First, there are my boys, Cooper and Jack. Some day they'll be grown and gone. But right now they're here. We can play football and watch movies and have tickle fights. I can tuck them in at night and kiss them in the morning (before they have the strength to fight me off, of course). And though I know the day will come that I'd give anything to go back to what I have right now, I just can't seem to relish the present as much as I should. Clearly, this is something I should work on.

I have good friends. They go out of their way to help me, and to comfort me when I need it (which is all the time). And though they won't rub my feet or have sex with me (bitches and bastards!) they do hold me up to a higher standard than I would hold myself up to if they were not in my life. And how do I reward them for this? By giving them the gift of selflessness. By being a friend in deed.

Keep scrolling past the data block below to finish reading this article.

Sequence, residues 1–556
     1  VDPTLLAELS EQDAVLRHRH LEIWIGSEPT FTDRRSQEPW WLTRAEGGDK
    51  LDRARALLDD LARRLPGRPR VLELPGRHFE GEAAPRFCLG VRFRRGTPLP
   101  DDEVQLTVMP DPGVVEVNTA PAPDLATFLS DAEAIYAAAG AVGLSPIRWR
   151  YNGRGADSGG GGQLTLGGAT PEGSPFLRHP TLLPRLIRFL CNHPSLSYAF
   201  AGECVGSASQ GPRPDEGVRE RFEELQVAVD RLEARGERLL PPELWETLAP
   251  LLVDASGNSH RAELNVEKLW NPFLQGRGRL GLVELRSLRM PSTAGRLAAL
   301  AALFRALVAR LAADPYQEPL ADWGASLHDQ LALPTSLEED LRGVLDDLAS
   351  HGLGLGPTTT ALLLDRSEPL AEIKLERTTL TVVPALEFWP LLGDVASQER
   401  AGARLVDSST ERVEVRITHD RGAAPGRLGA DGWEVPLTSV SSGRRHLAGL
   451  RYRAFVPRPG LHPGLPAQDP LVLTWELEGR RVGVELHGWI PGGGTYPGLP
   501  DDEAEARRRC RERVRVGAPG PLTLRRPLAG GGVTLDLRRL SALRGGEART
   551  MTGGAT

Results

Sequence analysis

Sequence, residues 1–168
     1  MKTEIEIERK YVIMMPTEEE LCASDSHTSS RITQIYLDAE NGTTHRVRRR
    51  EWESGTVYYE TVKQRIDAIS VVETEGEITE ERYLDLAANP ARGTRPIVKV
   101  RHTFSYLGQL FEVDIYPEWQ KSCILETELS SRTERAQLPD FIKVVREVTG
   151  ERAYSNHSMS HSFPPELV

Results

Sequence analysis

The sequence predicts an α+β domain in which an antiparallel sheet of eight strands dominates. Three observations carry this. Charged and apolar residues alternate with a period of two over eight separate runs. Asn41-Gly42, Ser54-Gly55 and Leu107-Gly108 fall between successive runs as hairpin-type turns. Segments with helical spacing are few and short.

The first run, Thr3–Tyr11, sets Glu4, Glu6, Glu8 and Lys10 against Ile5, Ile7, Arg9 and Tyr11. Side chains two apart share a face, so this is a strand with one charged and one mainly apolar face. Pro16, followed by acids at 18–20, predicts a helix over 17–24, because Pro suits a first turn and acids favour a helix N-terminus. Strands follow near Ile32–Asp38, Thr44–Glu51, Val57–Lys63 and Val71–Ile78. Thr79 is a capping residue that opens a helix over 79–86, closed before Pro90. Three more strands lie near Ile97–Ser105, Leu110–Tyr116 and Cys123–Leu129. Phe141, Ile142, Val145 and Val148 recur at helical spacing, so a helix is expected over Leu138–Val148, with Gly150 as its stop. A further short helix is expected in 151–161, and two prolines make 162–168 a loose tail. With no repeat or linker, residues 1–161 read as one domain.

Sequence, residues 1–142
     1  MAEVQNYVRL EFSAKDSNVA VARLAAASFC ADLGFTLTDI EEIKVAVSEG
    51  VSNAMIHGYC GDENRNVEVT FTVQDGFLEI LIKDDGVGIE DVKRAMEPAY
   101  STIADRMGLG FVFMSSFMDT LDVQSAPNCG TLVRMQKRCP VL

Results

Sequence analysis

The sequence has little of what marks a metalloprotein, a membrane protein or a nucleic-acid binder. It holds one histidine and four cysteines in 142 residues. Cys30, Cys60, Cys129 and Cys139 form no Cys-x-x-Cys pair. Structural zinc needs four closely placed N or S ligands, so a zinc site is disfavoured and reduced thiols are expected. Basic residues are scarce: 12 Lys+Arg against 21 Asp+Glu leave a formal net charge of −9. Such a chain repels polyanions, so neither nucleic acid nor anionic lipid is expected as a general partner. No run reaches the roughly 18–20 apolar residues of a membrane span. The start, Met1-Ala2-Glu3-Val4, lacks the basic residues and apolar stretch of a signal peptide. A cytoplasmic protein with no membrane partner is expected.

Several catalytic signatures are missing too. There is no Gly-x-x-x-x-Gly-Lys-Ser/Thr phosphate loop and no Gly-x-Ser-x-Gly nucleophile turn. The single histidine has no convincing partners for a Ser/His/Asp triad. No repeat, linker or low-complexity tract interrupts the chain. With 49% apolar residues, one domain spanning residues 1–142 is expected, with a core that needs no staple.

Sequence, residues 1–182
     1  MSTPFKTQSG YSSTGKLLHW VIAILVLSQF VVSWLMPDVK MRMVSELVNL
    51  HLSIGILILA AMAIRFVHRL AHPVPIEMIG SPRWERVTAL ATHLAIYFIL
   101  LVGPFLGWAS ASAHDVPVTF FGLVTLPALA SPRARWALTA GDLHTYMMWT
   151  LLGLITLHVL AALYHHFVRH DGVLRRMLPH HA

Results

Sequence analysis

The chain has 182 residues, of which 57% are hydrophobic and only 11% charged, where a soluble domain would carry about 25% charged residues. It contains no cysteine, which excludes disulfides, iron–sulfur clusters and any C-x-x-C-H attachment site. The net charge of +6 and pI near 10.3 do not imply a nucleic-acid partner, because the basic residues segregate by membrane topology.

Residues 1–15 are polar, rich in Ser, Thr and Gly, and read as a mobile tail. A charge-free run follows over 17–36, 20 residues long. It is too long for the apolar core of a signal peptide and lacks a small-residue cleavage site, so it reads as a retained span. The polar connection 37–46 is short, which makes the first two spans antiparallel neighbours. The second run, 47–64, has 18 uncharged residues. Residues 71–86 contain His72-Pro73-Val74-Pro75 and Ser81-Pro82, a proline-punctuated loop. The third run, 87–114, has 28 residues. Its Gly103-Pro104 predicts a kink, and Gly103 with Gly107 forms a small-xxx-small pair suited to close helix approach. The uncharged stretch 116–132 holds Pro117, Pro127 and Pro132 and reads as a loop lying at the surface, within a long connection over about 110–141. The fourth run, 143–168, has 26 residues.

I am not ugly. I'm not handsome, either, but as a guy I can kind of make up for that by being powerful or having lots of money. And though I'm not powerful and don't have lots of money, there's at least a chance that some day I might.

One of my biggest blessings is that I'm delusional. For example, I think there's a chance that some day I might be powerful or have lots of money. There's actually a lot to be said for being delusional. I'm 54, but I think I look 40. I have a big nose, but I think that adds character to my face. I have a small penis, but I think size doesn't matter. I even post articles on my blog that I think somebody might actually read.

Friday, January 06, 2006

'24' - An Appreciation

One way people like to let other people know that they're smart and have good taste is to say they don't like television. Not only don't they like it, they think it's horrible, nothing but crap, lowbrow, even "bad for our society." If you can get these elitists to admit that they even own a TV set, it's either for Masterpiece Theatre (which they claim to watch even though it hasn't been on for over a decade), or it's for the pretentious and embarrassingly overwritten soft-core porn that HBO continues to churn out in the name of "art."